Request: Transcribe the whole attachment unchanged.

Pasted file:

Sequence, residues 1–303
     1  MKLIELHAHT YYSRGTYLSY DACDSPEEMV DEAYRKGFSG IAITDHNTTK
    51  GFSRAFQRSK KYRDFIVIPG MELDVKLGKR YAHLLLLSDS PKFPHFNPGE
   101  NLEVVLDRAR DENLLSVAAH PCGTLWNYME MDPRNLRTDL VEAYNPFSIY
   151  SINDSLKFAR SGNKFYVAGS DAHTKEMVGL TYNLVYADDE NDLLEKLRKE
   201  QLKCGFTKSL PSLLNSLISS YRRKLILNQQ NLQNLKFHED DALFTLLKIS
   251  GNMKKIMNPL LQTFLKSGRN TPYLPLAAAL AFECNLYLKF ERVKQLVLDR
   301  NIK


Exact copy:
Sequence, residues 1–303
     1  MKLIELHAHT YYSRGTYLSY DACDSPEEMV DEAYRKGFSG IAITDHNTTK
    51  GFSRAFQRSK KYRDFIVIPG MELDVKLGKR YAHLLLLSDS PKFPHFNPGE
   101  NLEVVLDRAR DENLLSVAAH PCGTLWNYME MDPRNLRTDL VEAYNPFSIY
   151  SINDSLKFAR SGNKFYVAGS DAHTKEMVGL TYNLVYADDE NDLLEKLRKE
   201  QLKCGFTKSL PSLLNSLISS YRRKLILNQQ NLQNLKFHED DALFTLLKIS
   251  GNMKKIMNPL LQTFLKSGRN TPYLPLAAAL AFECNLYLKF ERVKQLVLDR
   301  NIK